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Youth Parliament

Youth Parliament 1998 - 2008

Youth Parliament has now been organised for the sixth time. During the past ten years, 1194 youths have gotten into the Parliament’s most visible spot, the main meeting hall. About 540 youths have watched from the wings as journalism students. During the past ten years, almost 550 Youth Parliament clubs have been established in Finland, of which circa 500 have sent a representative to the meeting in the spring. The number of youths participating in activities is, by a conservative estimate, at least ten times the number of clubs.  

Over the past ten years, more than 150 verbal questions have been addressed in the meeting hall. Questions presented have ranged from the environmental risks of desertification to the lowering of the voting age. The Youth Parliament has been a forum that has been able to naturally bring to the attention of political decision makers those community issues that youths feel should be brought up and included in political discussion. Historical and statistical data can be found at www.eduskunta.fi/nuortenparlamentti (in Finnish).  

Over the years the Youth Parliament has become one part of Finnish young people’s system of being heard and affecting decisions. The youth law requires that young people be heard locally and regionally in matters that concern them. Questions presented to members of Parliament in the meeting hall are at least one entirety when considering what exactly is a matter concerning young people.  

Over the years in the meeting hall decisions that are binding on adults have also been achieved. During the first meeting a clear majority voted for the Youth Parliament to be realised regularly.

During the meeting in 2006 a position was taken regarding payment of representatives’ travel expenses from government funds, which was realised for the first time in 2008.  The Youth Parliament is intended to be a voluntary activity for students in the 8th and 9th grades. At Parliament clubs established at school students become familiar with:

  • representative democracies
  • Parliamentary activities
  • young people’s possibilities to affect decisions and
  • acting as an active citizen through themes that are interesting and timely for them.
The clubs’ activities culminate in the verbal question sessions organised in the Parliament’s meeting hall. There young people present questions that have been prepared at their clubs to members of Parliament with the head of Parliament leading the discussion. Young people participating in the Youth Parliament have a chance to see the Finnish decision-making model. They become familiar with how decisions are prepared. The preparation of questions for the ministers requires a notably broad knowledge base. The Youth Parliament offers young people a possibility for “effective citizenship experience”.  An online course has been established for Youth Parliament clubs for the duration of the club season (kerhokeskus.moodle.fi). The goal of the online course was to strengthen communication between the clubs during the club season.  Parliament clubs prepared a total of 170 questions for members of Parliament. Many of them focused on the same subject areas, and because only about 20 questions can be handled during a question session a limit has already had to be set for the number of questions. The following principles were followed in putting together the schedule:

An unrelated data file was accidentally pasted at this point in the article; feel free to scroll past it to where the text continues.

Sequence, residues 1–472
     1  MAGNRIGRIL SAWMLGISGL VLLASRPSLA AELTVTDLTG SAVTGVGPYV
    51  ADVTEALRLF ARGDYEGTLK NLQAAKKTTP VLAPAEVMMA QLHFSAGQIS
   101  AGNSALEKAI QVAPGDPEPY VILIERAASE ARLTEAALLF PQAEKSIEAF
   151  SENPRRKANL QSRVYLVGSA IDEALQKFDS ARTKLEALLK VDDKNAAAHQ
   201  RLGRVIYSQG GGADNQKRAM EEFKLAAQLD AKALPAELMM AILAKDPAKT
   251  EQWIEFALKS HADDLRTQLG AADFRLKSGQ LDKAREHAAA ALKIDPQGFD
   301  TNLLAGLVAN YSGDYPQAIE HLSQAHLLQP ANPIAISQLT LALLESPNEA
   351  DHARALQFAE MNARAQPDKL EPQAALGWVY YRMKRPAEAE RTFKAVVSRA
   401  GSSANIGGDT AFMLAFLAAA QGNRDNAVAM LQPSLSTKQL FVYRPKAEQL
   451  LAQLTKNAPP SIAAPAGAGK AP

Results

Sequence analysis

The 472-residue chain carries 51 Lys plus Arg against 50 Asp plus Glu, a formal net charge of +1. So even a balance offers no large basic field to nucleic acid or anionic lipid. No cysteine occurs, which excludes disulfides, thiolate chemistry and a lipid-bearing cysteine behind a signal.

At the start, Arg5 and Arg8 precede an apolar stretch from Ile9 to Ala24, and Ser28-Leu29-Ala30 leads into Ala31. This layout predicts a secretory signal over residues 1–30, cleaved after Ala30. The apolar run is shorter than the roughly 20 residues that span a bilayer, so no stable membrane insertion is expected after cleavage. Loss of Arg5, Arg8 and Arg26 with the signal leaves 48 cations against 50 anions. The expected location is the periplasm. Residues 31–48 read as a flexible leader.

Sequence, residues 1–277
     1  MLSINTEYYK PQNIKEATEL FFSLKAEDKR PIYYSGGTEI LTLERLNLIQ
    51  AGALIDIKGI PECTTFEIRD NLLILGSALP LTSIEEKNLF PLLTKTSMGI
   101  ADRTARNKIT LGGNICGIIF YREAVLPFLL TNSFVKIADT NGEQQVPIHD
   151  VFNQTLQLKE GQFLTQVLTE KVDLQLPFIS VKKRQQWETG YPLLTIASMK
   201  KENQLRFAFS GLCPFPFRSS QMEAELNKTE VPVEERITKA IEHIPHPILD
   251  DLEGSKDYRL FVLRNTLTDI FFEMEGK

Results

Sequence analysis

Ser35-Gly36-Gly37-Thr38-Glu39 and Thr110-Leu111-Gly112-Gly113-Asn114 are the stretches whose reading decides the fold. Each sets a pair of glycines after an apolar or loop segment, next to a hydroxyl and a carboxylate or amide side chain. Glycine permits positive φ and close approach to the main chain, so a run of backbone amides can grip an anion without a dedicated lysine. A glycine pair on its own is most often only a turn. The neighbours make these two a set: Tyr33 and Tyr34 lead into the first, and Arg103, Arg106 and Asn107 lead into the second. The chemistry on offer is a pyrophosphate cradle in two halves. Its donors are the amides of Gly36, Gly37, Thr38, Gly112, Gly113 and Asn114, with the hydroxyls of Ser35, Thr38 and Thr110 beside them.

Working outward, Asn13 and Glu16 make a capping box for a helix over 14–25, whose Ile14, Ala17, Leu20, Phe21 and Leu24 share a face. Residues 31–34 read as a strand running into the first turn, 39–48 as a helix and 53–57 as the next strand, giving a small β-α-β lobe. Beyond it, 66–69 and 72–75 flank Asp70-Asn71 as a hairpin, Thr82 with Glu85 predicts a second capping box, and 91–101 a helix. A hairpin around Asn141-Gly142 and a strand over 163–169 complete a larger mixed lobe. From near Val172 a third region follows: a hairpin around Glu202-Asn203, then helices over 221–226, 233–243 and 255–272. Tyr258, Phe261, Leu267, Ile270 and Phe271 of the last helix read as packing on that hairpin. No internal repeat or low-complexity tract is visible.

• regional equality
  • gender equality
  • linguistic reach
  • equality among the ministries.
In categorising questions received by subject, four particular themes came to light:
  • questions regarding school and teaching
  • those relating to mass transit/climate change
  • questions relating to citizens’ feelings of security
  • young people’s psychological problems and emotional bad feelings.

The youths were happy with the meeting day's arrangements - the food, members of Parliament and the greeting ceremony. In a few cases feedback pondered how events like this give young people natural routes to have their voices heard. The experience was new and exciting, and the youths were mostly satisfied with the ministers' answers. The answers included reminders that community matters of interest to young people and projects such as this will no doubt increase young people's interest in politics and in affecting decisions. (Kääntämö/Simo Autio)